Yuan's fluctuations not undermine long-term stability

Xinhua | Updated: 2016-12-07 14:22

BEIJING - The Chinese yuan has steadily weakened against the US dollar since the start of the year, sending shockwaves through currency markets. Financial experts have weighed in to point out that the depreciation is, in essence, a self-correction, and the yuan will continue to remain stable.


Pressure on the yuan and other major currencies has intensified this year as the dollar surged.

Black swan events, including Brexit and the US presidential election, drove demand for the greenback as a safe-haven currency, propping up its value.

Accelerated economic growth in the United States, an imminent interest rate hike, and expectations of Donald Trump's expansionary fiscal policies have already caused the Dollar Index to advance 6 percent in the recent two months.

Although the greenback has appreciated against most other major currencies, its value has risen only modestly against the renminbi.

In developed economies, the Japanese yen, the euro and the Swiss franc have weakened 10.5 percent, 5.8 percent and 4.2 percent, respectively, against the dollar since October.

In emerging economies, the Malaysian ringgit, the Korean Won and the Mexican peso have depreciated 7.2 percent, 6.5 percent and 6.1 percent, respectively.

By contrast, the yuan has weakened around 3 percent against the dollar during the period, much milder than other currencies.

"The yuan has been self-correcting recently after its lopsided appreciation of the previous decade," said Ren Zeping, chief economist at Founder Securities, while dismissing concerns that China is engaged in competitive devaluation.

A stable, strong currency

It is noteworthy that while the yuan's exchange rate against the dollar has reached its lowest in eight years, it is gaining value against other currencies.

The yuan has strengthened 7.5 percent, 2.5 percent and 0.5 percent against the yen, the euro and the British pound, respectively, in the recent two months.

It has also appreciated 4.1 percent, 3.3 percent and 1.2 percent against the ringgit, the won and the Singapore dollar.

"The yuan still presents the characteristics of a stable and strong currency in the global currency system," said Yi Gang, deputy governor of the People's Bank of China (PBOC), the central bank.

As China's economy recovers and institutional reform improves the business environment, Yi believes capital outflow will return.

The dollar "looks tempting" in the near term due to the imminent interest rate hike, causing more companies and individuals to opt for the greenback, said Bai Ming, researcher with an institution affiliated with the Ministry of Commerce.

However, with the yuan's internationalization, the demand for the currency will continue to expand on a medium to long term, Bai said.

Limited room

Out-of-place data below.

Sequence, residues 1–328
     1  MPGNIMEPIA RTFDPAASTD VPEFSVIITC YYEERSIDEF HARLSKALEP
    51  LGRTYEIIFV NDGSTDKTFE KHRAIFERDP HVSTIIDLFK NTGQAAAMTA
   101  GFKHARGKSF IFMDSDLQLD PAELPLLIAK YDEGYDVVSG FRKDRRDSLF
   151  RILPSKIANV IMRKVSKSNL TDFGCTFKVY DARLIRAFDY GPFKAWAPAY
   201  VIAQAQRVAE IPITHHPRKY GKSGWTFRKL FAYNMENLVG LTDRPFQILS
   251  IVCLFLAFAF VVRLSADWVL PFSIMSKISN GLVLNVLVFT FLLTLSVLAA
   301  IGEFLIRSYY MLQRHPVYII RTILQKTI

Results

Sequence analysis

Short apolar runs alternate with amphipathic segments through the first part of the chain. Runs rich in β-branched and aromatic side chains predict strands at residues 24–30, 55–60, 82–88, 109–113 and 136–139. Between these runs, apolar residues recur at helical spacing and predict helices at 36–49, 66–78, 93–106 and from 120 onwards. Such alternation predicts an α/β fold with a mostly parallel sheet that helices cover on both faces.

Exchange rates are decided by a slew of factors, including a country's economic fundamentals, foreign exchange reserves and market sentiment.

The room for the Dollar Index to further climb this year is limited, as news of a potential US interest rate hike has been almost fully digested by the market.

Looking ahead, the yuan may come under short-term pressure but have limited room for further weakening, analysts agreed.

They also ruled out the possibility of substantial depreciation in the longer term as China continues to witness steady economic growth, progress in economic restructuring and a stable financial market.

"There is no basis for a sustained depreciation trend for the yuan, and we maintain the forecast of 6.98 for the end of 2017," said Huili Chang, analyst at China International Capital Corp.

Yu Yongding, economist and former central bank advisor, echoed Chang's view, saying that a country's currency never weakens substantially when the country keeps robust economic growth and boasts massive current account surplus and foreign exchange reserves, at least not on the record.

China's manufacturing Purchasing Managers' Index (PMI) rose to 51.7 in November from the previous month's 51.2, marking its strongest pace in more than two years.

The stronger-than-expected PMI data added to evidence that China's economy has been stabilizing and is on track to meet the government's target of 6.5 to 7 percent growth for the year.

The country's economy expanded 6.7 percent in the third quarter, unchanged from the previous two quarters.

Though China's foreign currency reserves fell to some extent, it still remains the world's largest reserve, accounting for 30 percent of the world's total.

Based on all these positive factors, the yuan's exchange rate will continue to be "kept basically stable at a reasonable and balanced level", PBOC deputy governor Yi Gang noted.

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